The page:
Parent training

Finally finished our first online course in parent education. We have to complete 18 hours of parent training before we can get a little sprout of our own. Training comes in a variety of ways--seminars, online courses, books, etc.

Our agency gives us some recommended courses, but is pretty lenient about allowing us choose whatever we think will be helpful. The course we took was at BGCenter Online School and the course name was "SJM1-The reality of parenting an internationally adopted child under 3."

It sounded like just  the class for us and we were pretty excited about it. But unfortunately, we were quite frustrated with several things about the course.

First, the course interactive design was really poor. I'm not expecting a super slick deluxe presentation, but a little thought put into how people move through the course isn't too much to ask. There is a course outline, so you'd think you could click on the section you need to work on and go there, right? Wrong. Each time you work a section you have to use the back arrow on your browser to return the main page.

Second, the presentation consisted of text. A LOT of text. And for goodness knows what reason, they often used a colored font, or used white font on a colored background. Not a friendly way to present a lot of reading material. It was such tedious reading that The Man and I took turns reading it aloud so one person could give their eyes a break.

Third, there were spelling, syntax and punctuation errors. That's plain annoying. Add to that mix, the fact that they use the most ridiculous run-on sentences I've ever seen. Here's an example:

Along with this observation regarding the powerful drive to be an individual is the belief by observers that some form of lifelong dependence on "mother" is also a universal truth of human existence, even if this dependence is only experienced internally or is carried out externally by showing the world that one is never dependent on mother of anyone else for that matter.


Ok...so there's all those reasons why the course was freaking annoying. But there is a much more substantial reason why I wouldn't recommend it to anyone. It's all about this paragraph, which they use in the summary of every section. After enduring long tedious readings on all the stages of the baby's life  about prenatal, birth, and growth stages for non-adopted children, their advice to adoptive parents is always the same:
Here is what you can expect a normally developing child to be doing by age three months. Due to many issues typical for "unwanted" children residing in orphanages and discussed in the class, you can't expect them to pass all the milestones on the same schedule as a normally developing baby - developmental delays are very common. You should be concerned in these situations and call your local Early Intervention Program.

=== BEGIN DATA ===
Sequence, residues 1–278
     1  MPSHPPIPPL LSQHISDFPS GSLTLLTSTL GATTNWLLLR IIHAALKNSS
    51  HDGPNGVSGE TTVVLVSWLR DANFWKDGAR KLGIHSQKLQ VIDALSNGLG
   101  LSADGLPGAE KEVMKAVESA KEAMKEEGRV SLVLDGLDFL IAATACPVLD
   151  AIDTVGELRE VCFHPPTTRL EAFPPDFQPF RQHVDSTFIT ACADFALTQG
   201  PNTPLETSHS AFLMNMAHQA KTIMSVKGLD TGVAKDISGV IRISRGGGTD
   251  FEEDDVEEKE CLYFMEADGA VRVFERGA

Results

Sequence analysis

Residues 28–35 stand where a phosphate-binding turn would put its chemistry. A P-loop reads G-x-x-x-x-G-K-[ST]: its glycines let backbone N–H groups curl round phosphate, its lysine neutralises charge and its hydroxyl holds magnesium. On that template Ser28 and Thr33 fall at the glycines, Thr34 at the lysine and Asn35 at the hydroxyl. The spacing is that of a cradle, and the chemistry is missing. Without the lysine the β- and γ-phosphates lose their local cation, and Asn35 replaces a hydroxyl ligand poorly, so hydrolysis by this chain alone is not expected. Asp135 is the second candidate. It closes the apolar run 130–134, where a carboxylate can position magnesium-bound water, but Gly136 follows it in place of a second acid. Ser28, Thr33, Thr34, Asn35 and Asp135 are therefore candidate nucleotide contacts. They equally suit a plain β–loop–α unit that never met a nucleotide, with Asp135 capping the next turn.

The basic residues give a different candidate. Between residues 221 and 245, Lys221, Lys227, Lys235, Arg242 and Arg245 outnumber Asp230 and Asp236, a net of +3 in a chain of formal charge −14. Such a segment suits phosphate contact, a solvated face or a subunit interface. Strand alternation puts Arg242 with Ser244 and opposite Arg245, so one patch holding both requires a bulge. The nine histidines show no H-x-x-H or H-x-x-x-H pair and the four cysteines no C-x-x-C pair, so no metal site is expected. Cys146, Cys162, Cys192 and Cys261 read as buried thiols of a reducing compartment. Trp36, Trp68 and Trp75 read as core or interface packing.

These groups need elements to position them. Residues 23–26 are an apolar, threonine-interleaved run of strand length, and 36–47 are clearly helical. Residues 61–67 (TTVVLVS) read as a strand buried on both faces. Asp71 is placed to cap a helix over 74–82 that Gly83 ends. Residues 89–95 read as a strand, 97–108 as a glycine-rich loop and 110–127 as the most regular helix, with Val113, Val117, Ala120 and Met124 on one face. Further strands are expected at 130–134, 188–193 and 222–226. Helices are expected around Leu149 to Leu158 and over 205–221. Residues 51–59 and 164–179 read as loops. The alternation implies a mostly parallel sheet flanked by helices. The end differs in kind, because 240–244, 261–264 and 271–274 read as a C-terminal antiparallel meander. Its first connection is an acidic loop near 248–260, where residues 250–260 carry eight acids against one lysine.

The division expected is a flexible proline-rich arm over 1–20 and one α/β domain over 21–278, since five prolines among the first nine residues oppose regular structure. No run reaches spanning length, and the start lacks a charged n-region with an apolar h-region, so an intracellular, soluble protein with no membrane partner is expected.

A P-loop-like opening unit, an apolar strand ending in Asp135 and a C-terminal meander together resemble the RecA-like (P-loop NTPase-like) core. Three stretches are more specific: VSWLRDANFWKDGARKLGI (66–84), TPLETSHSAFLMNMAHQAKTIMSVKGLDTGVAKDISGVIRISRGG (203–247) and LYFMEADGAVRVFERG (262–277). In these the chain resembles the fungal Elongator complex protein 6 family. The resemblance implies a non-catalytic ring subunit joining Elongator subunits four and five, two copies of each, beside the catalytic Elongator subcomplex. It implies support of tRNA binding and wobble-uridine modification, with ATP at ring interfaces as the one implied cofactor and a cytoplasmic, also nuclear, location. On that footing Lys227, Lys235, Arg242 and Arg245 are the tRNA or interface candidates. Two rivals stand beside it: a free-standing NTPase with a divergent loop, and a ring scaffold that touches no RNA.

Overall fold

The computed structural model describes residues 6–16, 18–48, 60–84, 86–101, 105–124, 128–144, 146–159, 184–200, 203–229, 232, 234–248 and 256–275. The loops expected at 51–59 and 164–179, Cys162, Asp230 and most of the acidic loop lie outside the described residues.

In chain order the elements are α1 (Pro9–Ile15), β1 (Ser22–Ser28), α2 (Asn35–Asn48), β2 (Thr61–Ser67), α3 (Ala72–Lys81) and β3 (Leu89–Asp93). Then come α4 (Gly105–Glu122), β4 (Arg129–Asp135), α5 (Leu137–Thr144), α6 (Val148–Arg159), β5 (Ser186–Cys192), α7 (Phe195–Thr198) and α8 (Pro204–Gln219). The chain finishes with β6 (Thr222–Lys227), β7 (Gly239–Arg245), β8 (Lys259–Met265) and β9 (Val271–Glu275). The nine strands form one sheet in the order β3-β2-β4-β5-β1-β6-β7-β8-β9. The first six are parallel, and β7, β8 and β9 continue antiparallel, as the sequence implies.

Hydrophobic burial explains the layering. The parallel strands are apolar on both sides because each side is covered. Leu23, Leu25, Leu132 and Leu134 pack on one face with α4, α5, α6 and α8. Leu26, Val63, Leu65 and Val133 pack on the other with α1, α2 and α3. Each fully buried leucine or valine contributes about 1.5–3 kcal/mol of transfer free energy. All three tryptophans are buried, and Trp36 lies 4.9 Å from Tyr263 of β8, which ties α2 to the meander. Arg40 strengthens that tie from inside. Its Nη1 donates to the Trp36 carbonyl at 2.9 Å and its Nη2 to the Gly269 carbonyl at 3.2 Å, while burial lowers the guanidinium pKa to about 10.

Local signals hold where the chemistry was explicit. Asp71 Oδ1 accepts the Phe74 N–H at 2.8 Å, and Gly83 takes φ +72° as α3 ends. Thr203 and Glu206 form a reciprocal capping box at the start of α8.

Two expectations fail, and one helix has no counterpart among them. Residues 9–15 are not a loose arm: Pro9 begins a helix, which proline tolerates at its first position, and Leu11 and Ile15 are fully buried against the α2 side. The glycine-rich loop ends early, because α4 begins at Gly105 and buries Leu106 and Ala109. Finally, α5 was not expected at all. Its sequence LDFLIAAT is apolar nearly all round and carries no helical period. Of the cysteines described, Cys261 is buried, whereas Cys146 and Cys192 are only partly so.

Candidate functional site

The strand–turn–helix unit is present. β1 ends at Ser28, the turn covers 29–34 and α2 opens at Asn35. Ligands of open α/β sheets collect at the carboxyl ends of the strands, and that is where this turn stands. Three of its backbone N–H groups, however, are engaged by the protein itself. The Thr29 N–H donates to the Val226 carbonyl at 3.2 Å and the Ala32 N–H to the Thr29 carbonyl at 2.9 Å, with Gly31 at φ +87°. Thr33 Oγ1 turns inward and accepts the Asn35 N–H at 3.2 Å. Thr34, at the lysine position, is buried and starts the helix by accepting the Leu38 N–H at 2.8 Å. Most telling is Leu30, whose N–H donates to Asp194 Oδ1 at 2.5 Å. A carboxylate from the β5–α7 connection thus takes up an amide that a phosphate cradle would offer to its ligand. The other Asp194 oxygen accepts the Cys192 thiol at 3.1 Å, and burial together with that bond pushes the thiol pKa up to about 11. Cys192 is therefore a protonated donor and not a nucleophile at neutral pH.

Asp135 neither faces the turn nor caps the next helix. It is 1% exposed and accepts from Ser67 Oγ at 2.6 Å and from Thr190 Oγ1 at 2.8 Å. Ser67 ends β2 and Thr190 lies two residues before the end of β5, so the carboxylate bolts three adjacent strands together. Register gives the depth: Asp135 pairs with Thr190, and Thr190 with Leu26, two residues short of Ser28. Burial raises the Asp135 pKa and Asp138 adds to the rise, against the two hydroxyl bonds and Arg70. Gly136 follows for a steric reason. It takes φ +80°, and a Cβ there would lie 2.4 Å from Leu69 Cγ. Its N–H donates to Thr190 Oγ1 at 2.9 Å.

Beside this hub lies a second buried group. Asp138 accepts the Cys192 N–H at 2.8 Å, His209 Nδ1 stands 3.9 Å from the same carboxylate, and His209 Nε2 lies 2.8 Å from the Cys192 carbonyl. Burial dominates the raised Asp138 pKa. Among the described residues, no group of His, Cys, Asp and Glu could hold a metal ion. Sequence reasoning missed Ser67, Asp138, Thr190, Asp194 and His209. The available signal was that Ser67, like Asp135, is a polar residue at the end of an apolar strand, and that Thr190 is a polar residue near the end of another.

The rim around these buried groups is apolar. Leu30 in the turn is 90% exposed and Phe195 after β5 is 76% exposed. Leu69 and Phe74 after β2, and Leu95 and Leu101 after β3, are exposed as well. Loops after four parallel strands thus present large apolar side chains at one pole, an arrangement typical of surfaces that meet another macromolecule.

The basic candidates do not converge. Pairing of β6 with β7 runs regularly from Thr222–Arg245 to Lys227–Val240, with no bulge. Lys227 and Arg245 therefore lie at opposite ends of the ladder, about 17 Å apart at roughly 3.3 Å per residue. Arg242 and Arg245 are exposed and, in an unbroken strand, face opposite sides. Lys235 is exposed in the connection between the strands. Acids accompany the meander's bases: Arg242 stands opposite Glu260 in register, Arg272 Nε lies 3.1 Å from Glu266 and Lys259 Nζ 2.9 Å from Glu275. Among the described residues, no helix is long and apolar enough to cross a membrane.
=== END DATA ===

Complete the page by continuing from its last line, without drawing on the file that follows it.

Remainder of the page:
This is their key advice? Call in a professional?! We are slogging through all this stuff about how critical the bond is between biological mom and baby (which makes me feel like there's no way I can succeed, by the way) and their parenting suggestion to me is to "call your local early intervention program"?

And what about the word "unwanted". When The Man and I saw this for the first time, we let out an audible gasp.

We were shocked that this is the language of "the professionals". They are accountable for teaching future adoptive parents to think about the stereotypes and beliefs that are connected with adopted children. They are responsible for teaching us NOT to make assumptions, and how damaging labels can be. I know they used the term in quotes, but the fact is, they are still describing these kids as unwanted.

The truth is, we have no idea whether that child was wanted or not. All most of us know is that the birth mother felt she could not care for the child for one reason or another, perhaps financially, or emotionally, but we do not know if they were unwanted. They didn't believe they could RAISE them, but that's a very different thing than not being wanted.

They use the term so casually. As if the decision to let someone else care for a child was easy. And I'm quite sure it wasn't an easy decision for most women.

And then extend out the implications of being described as unwanted. What kind of self identity crisis are you setting your child up for when you refer to him in this way, because that's how the experts referred to them so it must be OK to use this term.